On a hot day in February last year, I was sitting in my lounge room having a chinwag and a cuppa with a good friend of mine. I was confessing my anxiety about leaving my familiar life behind to become a nomadic rural locum. At some point in the conversation I said “Hey, I’m thinking about writing a blog about it. Do you think anyone would read it?”
“You should” she said. “I would read it.”
And so, the Nomadic GP blog was born, mostly with the intention of keeping in touch with the few close friends and ex co-workers who were interested in what I was up to, and also to let my family know every now and then that I was still alive. In part, I was inspired by other GP bloggers like Mel, Gerry and Casey and hoped that I might be able to make a small contribution to the great content that they, and others, were producing.
So I started writing, and my first few posts were very much just me sending words out into the universe. I enjoyed it, it was therapeutic, it gave me something to do when I was in a strange place with no friends and lots of time to kill. I didn’t really expect any response and was always kind of surprised when I got a new hit or follower. I couldn’t quite understand why anyone would want to read my self-indulgent rambling.
But then the coolest thing happened; the universe started to talk back. It turns out it wasn’t just my mum who was reading it, but actually there were lots of people I didn’t even know who were reading, sharing and commenting. Suddenly I was part of a community of blogging, FOAMing, tweeting medicos who quickly became a great personal and professional support network. It was hugely rewarding and provided much needed positive reinforcement. I kept writing.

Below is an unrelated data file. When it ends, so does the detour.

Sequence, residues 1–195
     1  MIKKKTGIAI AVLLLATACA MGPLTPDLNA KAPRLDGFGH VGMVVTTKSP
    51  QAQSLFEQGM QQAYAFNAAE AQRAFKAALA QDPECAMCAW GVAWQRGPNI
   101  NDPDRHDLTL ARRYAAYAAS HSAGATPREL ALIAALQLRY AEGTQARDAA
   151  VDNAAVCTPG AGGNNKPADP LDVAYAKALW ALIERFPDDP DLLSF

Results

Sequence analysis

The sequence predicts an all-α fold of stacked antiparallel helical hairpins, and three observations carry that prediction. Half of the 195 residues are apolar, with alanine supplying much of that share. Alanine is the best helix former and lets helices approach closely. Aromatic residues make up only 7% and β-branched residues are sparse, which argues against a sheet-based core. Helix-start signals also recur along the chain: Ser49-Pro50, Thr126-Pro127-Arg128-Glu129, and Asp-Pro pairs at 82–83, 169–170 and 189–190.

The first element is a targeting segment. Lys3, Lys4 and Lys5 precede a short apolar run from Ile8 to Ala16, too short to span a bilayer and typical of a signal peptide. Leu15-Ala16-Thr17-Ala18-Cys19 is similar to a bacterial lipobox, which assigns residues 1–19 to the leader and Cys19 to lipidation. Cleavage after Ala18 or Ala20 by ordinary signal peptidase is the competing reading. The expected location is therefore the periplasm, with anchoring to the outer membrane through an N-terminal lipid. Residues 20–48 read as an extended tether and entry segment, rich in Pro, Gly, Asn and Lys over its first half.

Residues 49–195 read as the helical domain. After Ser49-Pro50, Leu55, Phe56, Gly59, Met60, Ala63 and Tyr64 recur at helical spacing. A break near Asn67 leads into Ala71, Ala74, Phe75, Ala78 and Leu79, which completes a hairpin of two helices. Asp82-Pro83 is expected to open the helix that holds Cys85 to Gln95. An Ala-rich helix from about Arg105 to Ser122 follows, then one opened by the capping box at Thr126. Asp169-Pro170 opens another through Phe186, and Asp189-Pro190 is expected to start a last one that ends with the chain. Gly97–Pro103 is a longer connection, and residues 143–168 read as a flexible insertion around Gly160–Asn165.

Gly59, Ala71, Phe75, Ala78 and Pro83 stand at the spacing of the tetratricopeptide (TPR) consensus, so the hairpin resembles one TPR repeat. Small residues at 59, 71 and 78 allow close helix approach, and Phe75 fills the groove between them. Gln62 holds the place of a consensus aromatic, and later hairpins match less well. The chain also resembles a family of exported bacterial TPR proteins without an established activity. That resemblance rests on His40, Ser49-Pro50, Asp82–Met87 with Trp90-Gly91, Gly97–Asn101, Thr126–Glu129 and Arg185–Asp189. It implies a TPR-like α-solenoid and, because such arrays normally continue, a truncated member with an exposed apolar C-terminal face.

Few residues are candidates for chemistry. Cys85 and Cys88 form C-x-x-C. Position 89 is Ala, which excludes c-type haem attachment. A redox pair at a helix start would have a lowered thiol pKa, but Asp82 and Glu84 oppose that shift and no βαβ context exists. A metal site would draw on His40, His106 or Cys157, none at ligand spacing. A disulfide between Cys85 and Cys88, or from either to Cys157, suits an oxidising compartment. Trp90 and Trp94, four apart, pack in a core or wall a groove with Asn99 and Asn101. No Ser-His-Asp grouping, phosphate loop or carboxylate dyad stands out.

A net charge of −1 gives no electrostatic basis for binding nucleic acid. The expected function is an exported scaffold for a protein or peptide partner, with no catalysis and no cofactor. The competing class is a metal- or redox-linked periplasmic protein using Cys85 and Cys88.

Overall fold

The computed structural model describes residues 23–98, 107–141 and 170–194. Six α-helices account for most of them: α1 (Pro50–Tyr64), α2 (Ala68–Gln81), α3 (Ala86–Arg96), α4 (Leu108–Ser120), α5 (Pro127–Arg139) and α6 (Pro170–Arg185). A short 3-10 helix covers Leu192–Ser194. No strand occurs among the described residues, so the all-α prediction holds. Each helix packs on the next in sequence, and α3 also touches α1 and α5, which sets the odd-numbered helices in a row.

Other opportunities followed – collaborations on the Broome Docs podcast, invitations to contribute to various state and national publications, involvement with the foam4gp and SoMeGP teams and inclusion in discussion panels. I was even given the honour of being awarded the 2013 Medical Forum Magazine Guest Column Award. However, the most rewarding thing has been having junior doctors tell me how they used the information from my blog posts to help them look after a patient or prepare for their exams, and having the privilege of mentoring a number of medical students, rurally bonded doctors and aspiring country GPs who have connected with me through my blog.
Admittedly, I’m a bit of a “two post wonder”. Three-quarters of the visits to my site have been generated by only a couple of my 40-ish posts. It was a pretty crazy day when I casually published my post entitled “Sorry… But Are You Really A Doctor”, prompted by a discussion I’d had with a doctor friend after her experience of an in-flight medical call. Something I said had obviously hit a nerve and the post went viral, reaching nearly 8,000 people in a single day and 40,000 in a week. It peaked at number 7 in the most popular WordPress blog posts worldwide and came to the attention of the editors of the Huffington Post, who subsequently republished it on their site. All pretty hilarious and surreal for someone who never really considered herself much of a writer.